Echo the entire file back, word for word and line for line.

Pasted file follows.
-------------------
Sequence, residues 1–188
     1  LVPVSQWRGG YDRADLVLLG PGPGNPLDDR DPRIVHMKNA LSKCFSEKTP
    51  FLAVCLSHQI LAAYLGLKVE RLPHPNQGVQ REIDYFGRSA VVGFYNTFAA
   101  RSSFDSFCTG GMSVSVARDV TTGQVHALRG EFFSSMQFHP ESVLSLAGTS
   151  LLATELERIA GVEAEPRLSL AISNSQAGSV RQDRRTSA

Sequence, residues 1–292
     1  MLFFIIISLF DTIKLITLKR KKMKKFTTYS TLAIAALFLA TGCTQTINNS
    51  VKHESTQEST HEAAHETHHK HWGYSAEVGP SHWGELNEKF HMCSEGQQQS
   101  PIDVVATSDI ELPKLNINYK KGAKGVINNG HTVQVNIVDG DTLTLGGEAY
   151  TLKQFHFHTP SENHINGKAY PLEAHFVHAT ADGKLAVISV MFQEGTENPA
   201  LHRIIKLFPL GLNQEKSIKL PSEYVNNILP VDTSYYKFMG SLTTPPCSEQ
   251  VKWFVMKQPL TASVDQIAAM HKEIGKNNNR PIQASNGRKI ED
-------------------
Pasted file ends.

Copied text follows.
Sequence, residues 1–188
     1  LVPVSQWRGG YDRADLVLLG PGPGNPLDDR DPRIVHMKNA LSKCFSEKTP
    51  FLAVCLSHQI LAAYLGLKVE RLPHPNQGVQ REIDYFGRSA VVGFYNTFAA
   101  RSSFDSFCTG GMSVSVARDV TTGQVHALRG EFFSSMQFHP ESVLSLAGTS
   151  LLATELERIA GVEAEPRLSL AISNSQAGSV RQDRRTSA

Sequence, residues 1–292
     1  MLFFIIISLF DTIKLITLKR KKMKKFTTYS TLAIAALFLA TGCTQTINNS
    51  VKHESTQEST HEAAHETHHK HWGYSAEVGP SHWGELNEKF HMCSEGQQQS
   101  PIDVVATSDI ELPKLNINYK KGAKGVINNG HTVQVNIVDG DTLTLGGEAY
   151  TLKQFHFHTP SENHINGKAY PLEAHFVHAT ADGKLAVISV MFQEGTENPA
   201  LHRIIKLFPL GLNQEKSIKL PSEYVNNILP VDTSYYKFMG SLTTPPCSEQ
   251  VKWFVMKQPL TASVDQIAAM HKEIGKNNNR PIQASNGRKI ED